When we view the mode of presentation of the various works of art, they also have had an impact on the world’s perceptions of literary work. Barchas shows how the various changes in the print culture affected not just how the text was disseminated but also how it was interpreted. In his review of Eisenstein work, he shows how the changes in the print culture to include the presentation of literary work in book form influenced ‘verification and legitimization’ of the work (Barchas 2003, page 8). This work has been viewed as the artifact that not only has value in its content, but also in the way it had portrayed history and culture. It had influenced how today the scholars present their work as well as the recognition of not just the material used in the presentation but also the layout as well as the design.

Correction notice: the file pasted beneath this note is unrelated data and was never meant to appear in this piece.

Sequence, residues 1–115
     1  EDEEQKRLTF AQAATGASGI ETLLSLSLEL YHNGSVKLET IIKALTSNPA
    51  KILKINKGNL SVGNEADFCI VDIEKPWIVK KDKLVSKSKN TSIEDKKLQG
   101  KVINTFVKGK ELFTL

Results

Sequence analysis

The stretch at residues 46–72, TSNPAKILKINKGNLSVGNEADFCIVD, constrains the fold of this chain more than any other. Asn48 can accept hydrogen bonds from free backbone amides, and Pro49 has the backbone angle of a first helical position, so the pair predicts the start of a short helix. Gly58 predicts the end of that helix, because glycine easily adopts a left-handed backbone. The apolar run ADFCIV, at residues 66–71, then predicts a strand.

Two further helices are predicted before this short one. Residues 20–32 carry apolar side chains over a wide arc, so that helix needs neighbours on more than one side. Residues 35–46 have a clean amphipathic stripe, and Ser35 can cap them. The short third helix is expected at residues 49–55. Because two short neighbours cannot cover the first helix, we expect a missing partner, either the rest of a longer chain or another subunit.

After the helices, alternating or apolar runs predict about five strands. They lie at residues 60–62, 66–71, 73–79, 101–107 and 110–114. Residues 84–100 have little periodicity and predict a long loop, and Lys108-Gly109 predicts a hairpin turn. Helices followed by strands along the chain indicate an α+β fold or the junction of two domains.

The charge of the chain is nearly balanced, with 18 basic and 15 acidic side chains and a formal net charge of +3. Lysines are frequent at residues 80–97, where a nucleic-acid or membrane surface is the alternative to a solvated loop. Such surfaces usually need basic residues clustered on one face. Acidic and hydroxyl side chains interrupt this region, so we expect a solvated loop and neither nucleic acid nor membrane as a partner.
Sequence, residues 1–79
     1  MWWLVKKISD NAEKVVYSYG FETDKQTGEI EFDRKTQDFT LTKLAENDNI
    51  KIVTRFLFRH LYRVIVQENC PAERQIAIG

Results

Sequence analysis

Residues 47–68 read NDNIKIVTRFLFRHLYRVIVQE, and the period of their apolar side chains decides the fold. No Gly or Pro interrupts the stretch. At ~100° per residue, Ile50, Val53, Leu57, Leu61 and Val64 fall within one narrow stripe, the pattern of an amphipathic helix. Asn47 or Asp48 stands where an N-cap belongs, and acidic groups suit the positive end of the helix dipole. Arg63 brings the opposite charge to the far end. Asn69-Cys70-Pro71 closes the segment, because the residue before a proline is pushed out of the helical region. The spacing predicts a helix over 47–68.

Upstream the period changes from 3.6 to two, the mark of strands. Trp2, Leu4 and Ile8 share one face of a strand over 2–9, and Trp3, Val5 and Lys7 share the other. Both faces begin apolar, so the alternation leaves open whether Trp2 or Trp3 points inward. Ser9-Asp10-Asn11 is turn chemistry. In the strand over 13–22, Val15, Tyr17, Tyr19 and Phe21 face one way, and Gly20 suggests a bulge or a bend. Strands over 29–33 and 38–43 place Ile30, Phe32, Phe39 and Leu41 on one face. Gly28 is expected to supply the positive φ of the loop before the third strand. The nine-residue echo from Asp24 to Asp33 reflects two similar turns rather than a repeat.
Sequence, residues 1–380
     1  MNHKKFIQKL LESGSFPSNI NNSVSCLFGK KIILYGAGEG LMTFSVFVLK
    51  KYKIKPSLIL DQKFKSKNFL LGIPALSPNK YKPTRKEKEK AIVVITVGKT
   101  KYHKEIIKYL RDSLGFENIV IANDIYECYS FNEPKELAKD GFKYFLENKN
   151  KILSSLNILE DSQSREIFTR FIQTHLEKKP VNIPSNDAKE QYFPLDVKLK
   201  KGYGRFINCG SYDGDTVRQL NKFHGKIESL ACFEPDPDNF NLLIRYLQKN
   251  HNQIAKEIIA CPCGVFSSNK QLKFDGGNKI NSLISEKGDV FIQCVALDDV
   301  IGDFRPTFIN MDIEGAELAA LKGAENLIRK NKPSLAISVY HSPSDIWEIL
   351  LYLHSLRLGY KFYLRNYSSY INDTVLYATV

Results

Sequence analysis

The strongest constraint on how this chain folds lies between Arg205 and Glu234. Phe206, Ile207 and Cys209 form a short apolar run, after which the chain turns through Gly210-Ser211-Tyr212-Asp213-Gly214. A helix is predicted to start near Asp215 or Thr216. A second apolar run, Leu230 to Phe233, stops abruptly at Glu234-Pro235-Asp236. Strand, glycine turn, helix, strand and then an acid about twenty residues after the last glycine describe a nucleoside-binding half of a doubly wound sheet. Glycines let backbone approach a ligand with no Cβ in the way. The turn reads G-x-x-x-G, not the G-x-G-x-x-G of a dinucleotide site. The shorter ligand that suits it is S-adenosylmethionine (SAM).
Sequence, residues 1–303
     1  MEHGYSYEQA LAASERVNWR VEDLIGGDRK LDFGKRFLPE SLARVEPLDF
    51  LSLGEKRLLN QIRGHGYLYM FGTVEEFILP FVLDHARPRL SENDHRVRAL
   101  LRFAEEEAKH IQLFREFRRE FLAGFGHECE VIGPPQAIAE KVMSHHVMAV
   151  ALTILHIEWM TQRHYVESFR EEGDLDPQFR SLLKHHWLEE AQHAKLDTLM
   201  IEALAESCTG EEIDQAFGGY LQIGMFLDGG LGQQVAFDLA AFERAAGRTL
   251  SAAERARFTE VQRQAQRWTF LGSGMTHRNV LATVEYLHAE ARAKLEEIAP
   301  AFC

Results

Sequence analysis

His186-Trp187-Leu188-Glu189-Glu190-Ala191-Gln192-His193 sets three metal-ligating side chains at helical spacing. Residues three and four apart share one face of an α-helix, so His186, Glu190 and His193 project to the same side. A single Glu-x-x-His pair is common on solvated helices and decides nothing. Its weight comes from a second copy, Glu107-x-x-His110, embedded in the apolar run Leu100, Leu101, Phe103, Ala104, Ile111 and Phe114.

Graphic design has been influenced by cultures across the world over time. People from different regions, cultures and ages are mesmerized by the nature of art displayed by designers. Art on the other hand is influenced by different cultures. The artist generates an item based on the environment that they have been exposed to. It is then possible to link different cultures through art. When a graphic designer makes a logo that reflects their culture for an event or for a corporate, then their audience becomes bigger. Such a logo may influence the lifestyles of people from different societies with different cultures.